Autumn 1977, 40 years ago. Spain is trying to leave behind the dictatorship and by Royal Decree legalises the Catalan Generalitat Government, abolished after the occupation of Barcelona by General Franco’s troops in 1939.
Spain thus recognises Catalonia’s president, Josep Tarradellas-i-Joan, elected in Republican exile in Mexico in 1954, who is at the time residing at Clos de Mosny in Saint-Martin-le-Beau (Touraine, France).
Tarradellas, the Minister of Finance of the Generalitat during the Republic, responsible during the Spanish Civil War for the War Industries Commission coordinating the production and supply of weapons to the army of the Republic, is now a 78-year-old man. He has a dream and an obsession: to return to Catalonia as the President of the Generalitat. From one legality to another: the very legislation of the victors of that war, who ejected him, now made it possible for him to return with the corresponding adjustments.
Not two years had passed since General Francisco Franco had died, in bed. And hardly one year since King Juan Carlos I, his successor, and the most open sectors headed by President Adolfo Suárez had promoted the law of political reform which was to propel Spain towards democracy “from the law to the law.”
The first elections since the end of the 1936-39 war —the constituent elections— were held on June 15. In Catalonia, the leftists, the Socialists and the PSUC, win. Laureano López-Rodó, a former minister of the Franco regime, heads Alianza Popular, the party with which Manuel Fraga, another regime minister, has tried to regroup the Franco regime. They have only obtained one seat—López-Rodó’s. The provisional government of the Generalitat, presided over by Tarradellas, a cross party cabinet with members from all the Catalanist parties, is the first in Western Europe with Communist Party members since the end of World War II.
The Constitution will still take over a year to be approved, in 1978; two years for the Estatut or Basic Law of Autonomy of Catalonia, in 1979; and it is almost three before the Catalans can elect their Parliament again, in 1980. But the return of Tarradellas, on October 23, 1977, will unanimously be considered as the only act of “rupture” brought about within the framework of the Spanish transition from dictatorship to democracy: the “legalisation” of an institution of the Spanish Republic, the only one. Moreover, the Generalitat had been founded in the fourteenth century—there had been 124 presidents before Tarradellas. The establishment of the Generalitat is prior to that of the Constitution, and even prior to the Republic. For this reason, the Royal Decree-Law that provided for its restoration as a result of the Tarradellas operation begins as follows:
“The Catalan Generalitat Government is a centuries-old institution which the Catalan people identify as a symbol and recognition of their historical personality, within the union of Spain.”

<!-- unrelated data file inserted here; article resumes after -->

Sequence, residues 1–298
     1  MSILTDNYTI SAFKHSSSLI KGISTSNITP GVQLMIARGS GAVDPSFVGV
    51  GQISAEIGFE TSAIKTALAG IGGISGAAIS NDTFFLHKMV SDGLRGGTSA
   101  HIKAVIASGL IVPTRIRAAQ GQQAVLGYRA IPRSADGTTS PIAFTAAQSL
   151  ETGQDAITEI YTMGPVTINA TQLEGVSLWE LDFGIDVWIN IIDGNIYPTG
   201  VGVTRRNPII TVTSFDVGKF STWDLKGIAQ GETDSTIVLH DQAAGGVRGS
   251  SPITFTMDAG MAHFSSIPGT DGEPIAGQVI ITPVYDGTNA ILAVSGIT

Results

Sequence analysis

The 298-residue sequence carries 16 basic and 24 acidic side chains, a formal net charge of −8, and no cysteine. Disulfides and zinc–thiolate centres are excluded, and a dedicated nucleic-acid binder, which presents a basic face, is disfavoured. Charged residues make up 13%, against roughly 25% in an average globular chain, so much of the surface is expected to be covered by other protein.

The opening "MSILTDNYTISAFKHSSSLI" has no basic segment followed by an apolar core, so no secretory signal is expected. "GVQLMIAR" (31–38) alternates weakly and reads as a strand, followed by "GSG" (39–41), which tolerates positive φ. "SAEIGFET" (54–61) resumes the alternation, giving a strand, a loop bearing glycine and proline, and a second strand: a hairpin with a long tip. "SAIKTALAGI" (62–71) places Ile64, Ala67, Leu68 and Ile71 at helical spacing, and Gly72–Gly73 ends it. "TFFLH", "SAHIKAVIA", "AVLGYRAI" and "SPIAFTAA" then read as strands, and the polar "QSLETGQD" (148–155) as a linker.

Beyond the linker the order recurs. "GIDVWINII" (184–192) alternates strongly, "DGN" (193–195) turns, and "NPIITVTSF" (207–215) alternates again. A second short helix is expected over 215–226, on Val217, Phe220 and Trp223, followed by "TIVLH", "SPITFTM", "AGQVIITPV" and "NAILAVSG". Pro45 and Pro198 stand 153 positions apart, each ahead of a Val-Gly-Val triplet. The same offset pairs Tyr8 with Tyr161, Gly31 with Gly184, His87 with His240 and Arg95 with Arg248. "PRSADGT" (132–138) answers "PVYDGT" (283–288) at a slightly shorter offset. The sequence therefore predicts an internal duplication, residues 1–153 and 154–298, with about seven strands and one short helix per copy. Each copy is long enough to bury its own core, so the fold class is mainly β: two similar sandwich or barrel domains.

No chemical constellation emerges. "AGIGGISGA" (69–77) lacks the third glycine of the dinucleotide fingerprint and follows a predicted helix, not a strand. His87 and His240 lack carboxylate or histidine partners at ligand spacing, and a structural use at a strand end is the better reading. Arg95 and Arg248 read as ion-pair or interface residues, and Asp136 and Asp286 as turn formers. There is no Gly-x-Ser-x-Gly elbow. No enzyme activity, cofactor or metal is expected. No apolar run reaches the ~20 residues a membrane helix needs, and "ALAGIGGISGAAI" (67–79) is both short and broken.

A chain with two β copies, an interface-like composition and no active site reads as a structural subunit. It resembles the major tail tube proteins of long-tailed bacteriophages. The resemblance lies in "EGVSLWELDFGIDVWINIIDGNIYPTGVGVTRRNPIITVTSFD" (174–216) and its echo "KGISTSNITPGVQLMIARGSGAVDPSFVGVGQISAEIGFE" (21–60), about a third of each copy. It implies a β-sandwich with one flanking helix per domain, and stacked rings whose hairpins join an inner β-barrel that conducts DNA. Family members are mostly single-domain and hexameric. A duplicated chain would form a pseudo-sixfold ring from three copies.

The 40th anniversary of those events coincides with a new crucial moment in the history of Catalonia. Circumstances have changed. The laws have, too. But, why is democratic law now a parapet raised against the calls for a referendum on the political future of Catalonia, demanded by a majority of political forces and citizens —as shown in all recent surveys— whilst post-dictatorship law was not a barrier to the restoration of the Generalitat? Why is “the law” the main offensive weapon in the hands of the government of Spain to “illegalise” the pro-independence process, or to disbar its political promoters, while it was then the tool to fulfil the mandate of the people as expressed in the ballot?
The “legalisation” of the Generalitat at the beginning of the transition was almost a “revolutionary” act provided by the transition from post-Franco law through to pre-constitutional law. That is, between the law of political reform approved in November 1976 by the Cortes or Parliament—still under the dictatorship’s regime, and the Royal Decrees —two signed by the Head of State and two more by the Presidency of the Government— which materialised the restoration of the Generalitat and the recognition of Tarradellas as the President. All of these were published in the first issue of the Official Gazette (DOGC) of the provisional Generalitat.
The “legalisation” of the Generalitat at the beginning of the transition was an almost “revolutionary” act provided by the transition from post-Franco law through to pre-constitutional law
As simple as that: “From law to law.” Spanish law, when the transition was still taking its first steps, was adapted to the demands of the “Catalan people” —referred to in Royal Decree-Law 41/1977 of September 29 on the provisional reinstatement of the Generalitat of Catalonia— and those of “the vast majority of political forces” who competed “in Catalonia” in the elections of June 15, 1977. The Royal Decree-Law thus incorporated a clearly plebiscitary reading —which was binding— of the result of those elections in the constituent Cortes, in which “the vast majority” of the political forces defended “the need to restore the Generalitat.” It should be underlined that the reading by Madrid of the result in Catalonia of the general elections as a plebiscite would legitimise politically —and now democratically— the reinstatement of the Generalitat.
So why then and not now? Historian Jaume Sobrequés who was a Senator for Girona with the Entesa dels Catalans coalition, consisting of almost all the left-wing and nationalist parties taking part in the elections of June 15 1977, and a spokesman for the PSC Catalan Socialists years later, believes there are two fundamental reasons: the “unanimous feeling that without solving the Catalan problem it was not possible to consolidate democracy in Spain” and the fact that then, from Catalonia it was “only home rule being claimed, not self-determination.”
In the opinion of Sobrequés, it was Spain’s Prime Minister Suárez who made the operation for the return of Tarradellas possible “from law to law,” in post-Franco Spain in the very process of abandoning “a fierce dictatorship” and without a Constitution, he emphasises. Political and legal engineering gave it statutory coverage. The events were rushed in record time: between June 27 —the first interview, with no result, between Tarradellas and Suárez in Madrid— and July 1—the second meeting, with agreement. And with the “One-Million People” demonstration on the Catalan National Day of the Eleventh of September as a factor that further accelerated the process.